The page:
The Protection from Harassment Act 1997 can used to deal with a wide variety of distressing behaviour. This Briefing Note looks in detail at how it works in England and Wales, and summarises the different provisions which apply in Scotland. It also looks at the equivalent legislation in Northern Ireland.Jump to full report >>
The Protection from Harassment Act 1997 was originally introduced to deal with the problem of stalking. However, it covers a much wider range of behaviour, including behaviour which alarms or distresses the victim.
The Act gives both criminal and civil remedies. There are two criminal offences:
Harassing a person includes alarming the person or causing the person distress.
A “course of conduct”, which can include speech, must normally involve conduct on at least two occasions. There are special provisions to cover harassment targeting two or more people to persuade (for example certain kinds of protest action against companies) and harassment of an individual carried out by two or more people.
In addition to the criminal offences, a civil court can impose civil injunctions in harassment cases as well as awarding damages to the victim for the harassment. Breach of such an injunction is a criminal offence.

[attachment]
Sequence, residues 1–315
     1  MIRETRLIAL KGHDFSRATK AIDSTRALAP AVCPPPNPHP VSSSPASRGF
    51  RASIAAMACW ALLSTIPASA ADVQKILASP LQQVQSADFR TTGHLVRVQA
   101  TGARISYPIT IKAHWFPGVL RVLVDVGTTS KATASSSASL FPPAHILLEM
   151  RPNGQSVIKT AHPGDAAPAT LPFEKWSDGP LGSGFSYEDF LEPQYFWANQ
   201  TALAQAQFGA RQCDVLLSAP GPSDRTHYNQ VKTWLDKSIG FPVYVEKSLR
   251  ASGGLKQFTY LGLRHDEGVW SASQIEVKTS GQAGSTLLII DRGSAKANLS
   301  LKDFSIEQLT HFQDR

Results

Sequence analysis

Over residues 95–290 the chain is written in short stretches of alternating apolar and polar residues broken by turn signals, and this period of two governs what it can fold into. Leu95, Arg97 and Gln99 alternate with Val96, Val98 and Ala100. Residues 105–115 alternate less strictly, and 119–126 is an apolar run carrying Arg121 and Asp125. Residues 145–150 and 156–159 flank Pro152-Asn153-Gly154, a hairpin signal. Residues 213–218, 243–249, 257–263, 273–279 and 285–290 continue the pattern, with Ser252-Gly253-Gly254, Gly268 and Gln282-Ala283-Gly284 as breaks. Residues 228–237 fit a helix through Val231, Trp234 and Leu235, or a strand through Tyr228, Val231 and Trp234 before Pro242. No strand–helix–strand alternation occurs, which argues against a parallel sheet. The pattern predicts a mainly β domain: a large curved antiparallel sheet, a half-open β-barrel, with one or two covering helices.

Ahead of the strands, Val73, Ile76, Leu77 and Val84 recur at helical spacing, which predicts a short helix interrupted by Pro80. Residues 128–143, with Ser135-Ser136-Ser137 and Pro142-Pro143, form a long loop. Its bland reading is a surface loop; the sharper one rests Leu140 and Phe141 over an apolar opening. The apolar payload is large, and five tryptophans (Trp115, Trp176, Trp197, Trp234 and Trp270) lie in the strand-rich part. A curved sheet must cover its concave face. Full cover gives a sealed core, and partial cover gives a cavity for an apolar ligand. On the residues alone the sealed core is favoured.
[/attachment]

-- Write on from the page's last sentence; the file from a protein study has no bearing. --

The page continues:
In 2012 the Coalition Government added two specific criminal offences of stalking to the 1997 Act following widespread concern that the Act was not dealing adequately with this problem. Further information on this is available in a Library Briefing Paper on Stalking.
The Crown Prosecution Service has published legal guidance on Stalking and Harassment.
The College of Policing website has current guidance for the police on its Stalking and Harassment page and is working on new Authorised Professional Practice on harassment and stalking.
Scotland is covered by separate sections in the 1997 Act. Key differences are:
Northern Ireland has very similar provisions to those sections of the Act which extend to England and Wales. These are set out in the Protection from Harassment (Northern Ireland) Order 1997. Key differences are:
A separate Library standard note, SN/HA/3207, Legal help: where to go and how to pay includes information about sources of legal advice.
Commons Briefing papers SN06648
Author: Pat Strickland